The simple measuring tool that will allow your business to flourish (KPIs 2)
Revenue and margin are two crucial KPIs. Most businesses do use those KPIs, but they should take it a step further and make sure they know their revenue and margin per customer.
KPI 3. Cashflow and sales cycle
Cashflow is the way your revenue and expenses are spread over time. You know the way it works: you have that huge bill to pay in three weeks’ time, and you hope, hope, HOPE the invoice you sent two months ago will be paid into your account before that.
So you call your debtor to speed things up and remind them they have to pay you, and you call your creditor to ask for one more week before you pay that bill. You have in effect attempted to regulate your cashflow.
Now ideally you shouldn’t be in this situation (ideally…). This is why it helps to keep a sharp eye on your cashflow (and anything you want to keep a sharp eye on is, in fact, a KPI) and to know exactly how long your sales cycle is.
Your sales cycle, quite simply, is the amount of time that elapses between the moment you start to market your services to a customer, and the moment they pay you. As you can see it encompasses the whole process of being in business! Identifying leads, turning them into customers, taking orders, delivering your service or product, invoicing, and finally getting paid.
Now if you know how long, on average, that sales cycle is, you are in a much better position to take the pulse of your business – to measure the ebb and flow of your cashflow.
And you can also work to reduce the length of that sales cycle. You can now look at that sales cycle in more detail and identify places where it could be sped up: bottlenecks, delays, etc. Once again, monitoring KPIs allows you to identify patterns and look for their causes. The tighter your sales cycles, the quicker your cashflow can come through.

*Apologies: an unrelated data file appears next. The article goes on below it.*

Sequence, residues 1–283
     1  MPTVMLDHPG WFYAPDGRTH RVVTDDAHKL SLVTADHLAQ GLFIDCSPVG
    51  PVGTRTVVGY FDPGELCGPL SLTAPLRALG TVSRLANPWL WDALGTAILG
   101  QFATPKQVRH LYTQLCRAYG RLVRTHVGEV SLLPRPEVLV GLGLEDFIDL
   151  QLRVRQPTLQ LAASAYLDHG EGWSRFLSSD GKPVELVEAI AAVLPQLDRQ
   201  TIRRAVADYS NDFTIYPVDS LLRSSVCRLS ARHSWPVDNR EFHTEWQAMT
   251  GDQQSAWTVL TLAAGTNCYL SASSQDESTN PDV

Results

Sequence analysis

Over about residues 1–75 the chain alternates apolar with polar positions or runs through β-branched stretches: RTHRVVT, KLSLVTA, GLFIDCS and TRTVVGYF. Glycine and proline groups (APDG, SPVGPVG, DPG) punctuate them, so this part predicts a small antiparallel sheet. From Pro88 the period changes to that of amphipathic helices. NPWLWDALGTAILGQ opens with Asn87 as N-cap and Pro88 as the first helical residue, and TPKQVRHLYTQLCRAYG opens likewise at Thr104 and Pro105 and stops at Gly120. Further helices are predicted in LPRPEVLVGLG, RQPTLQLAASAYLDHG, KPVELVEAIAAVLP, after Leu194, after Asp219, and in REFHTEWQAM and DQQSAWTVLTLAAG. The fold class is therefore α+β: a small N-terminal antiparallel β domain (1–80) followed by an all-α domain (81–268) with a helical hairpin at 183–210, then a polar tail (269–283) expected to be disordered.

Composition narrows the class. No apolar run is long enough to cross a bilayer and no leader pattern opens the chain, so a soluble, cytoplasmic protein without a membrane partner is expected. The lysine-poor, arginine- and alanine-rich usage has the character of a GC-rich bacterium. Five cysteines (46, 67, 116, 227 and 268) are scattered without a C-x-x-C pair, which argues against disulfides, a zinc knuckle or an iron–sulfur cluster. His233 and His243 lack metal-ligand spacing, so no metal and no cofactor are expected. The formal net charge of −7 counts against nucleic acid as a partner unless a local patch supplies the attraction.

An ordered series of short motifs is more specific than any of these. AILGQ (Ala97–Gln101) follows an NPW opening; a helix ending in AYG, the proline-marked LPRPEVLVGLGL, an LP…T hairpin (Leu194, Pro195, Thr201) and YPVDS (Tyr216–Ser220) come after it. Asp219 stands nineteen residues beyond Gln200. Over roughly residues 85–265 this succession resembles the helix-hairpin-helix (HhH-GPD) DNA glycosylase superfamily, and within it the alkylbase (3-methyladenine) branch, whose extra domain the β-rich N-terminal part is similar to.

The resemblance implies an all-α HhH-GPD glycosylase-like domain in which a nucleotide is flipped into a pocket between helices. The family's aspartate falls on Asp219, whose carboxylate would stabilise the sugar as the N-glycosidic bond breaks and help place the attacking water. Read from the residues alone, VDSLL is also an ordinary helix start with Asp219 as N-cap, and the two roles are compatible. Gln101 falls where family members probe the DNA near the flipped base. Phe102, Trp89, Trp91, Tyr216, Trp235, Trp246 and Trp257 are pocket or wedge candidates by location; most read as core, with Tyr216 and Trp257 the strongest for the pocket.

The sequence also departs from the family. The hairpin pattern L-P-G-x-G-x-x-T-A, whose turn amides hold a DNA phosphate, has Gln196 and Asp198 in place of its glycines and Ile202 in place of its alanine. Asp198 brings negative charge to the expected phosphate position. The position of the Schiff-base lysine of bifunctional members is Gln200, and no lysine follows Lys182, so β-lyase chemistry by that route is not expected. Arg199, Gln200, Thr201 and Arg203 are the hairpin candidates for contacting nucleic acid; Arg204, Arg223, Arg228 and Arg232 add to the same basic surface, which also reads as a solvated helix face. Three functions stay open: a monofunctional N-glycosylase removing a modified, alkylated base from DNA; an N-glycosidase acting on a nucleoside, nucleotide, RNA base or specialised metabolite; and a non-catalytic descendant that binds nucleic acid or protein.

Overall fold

I have a tip for you: many sole traders should keep in mind that monitoring cashflow would allow them to fight a strange phenomenon familiar to many entrepreneurs: the end-of-autumn depression. The one around October 31.
If you know you will have to face a big expense around that date (and we all hope we will, as the more you have to pay in tax, the more profit you have generated), you can engineer your cashflow so that you have immunised yourself against panic around the time of the tax deadline.
What to do with KPIs
I would recommend you spend as much time as necessary to get it right in the beginning: take half a day or even a whole day to set up a spreadsheet that will be easy to fill in and takes in all the KPIs that reflect the health of your business. If you’re not sure how to do that, look up some YouTube videos and learn how to automate a spreadsheet to speed up the process no end.
Then use that spreadsheet! Don’t let it gather dust like another list of New Year’s resolutions. Make sure to schedule a time in your diary, when you open that file and fill in relevant details.
Next, make an appointment with yourself and write it down in your diary, to spend one afternoon each month to look at your KPIs, as this gives you a tight rein on how well your business is doing – and a lot of things can happen in 30 days.
The main benefit of KPIs is that they annihilate procrastination: they give you laser focus on what’s important. Similarly, KPIs are a great tool for start-ups: it allows them to focus on where their growth actually comes from, thereby immensely improving their chances of survival. A lot of start ups can be “busy fools”, working all hours, chasing customers on twitter and facebook, but not actually selling. Your revenue per customer will show that in no uncertain terms and will leave you nowhere to hide…
But be careful, as they say, you don’t fatten a pig by weighing him: don’t spend all your time building KPIs and analysing them, make sure you do something with the information and take action! Can you increase your revenue? Have you identified patterns in your revenue that you can exploit to your advantage? Can you increase margin? Can you shorten your sales cycle? How? These are all actions you can take, based on your monitoring of KPIs – so get to work!
I strongly advise you set goals in relation to your KPIs, because they are focused on results. The number of phone calls you made, of emails you sent, is a quantifiable variable, and one that can be helpful to frame your efforts, but it might not be directly related to how well your business is doing, the way a KPI is. A goal such as “improve my margin by 40%” or “grow this product line by 100% in 3 years”, once you have broken it down into actionable steps, will do more for your bottom line than just sending another flurry of emails.
I can’t say it enought times, take real action with the information in the spreadsheet – and you will be surprised at what happens!
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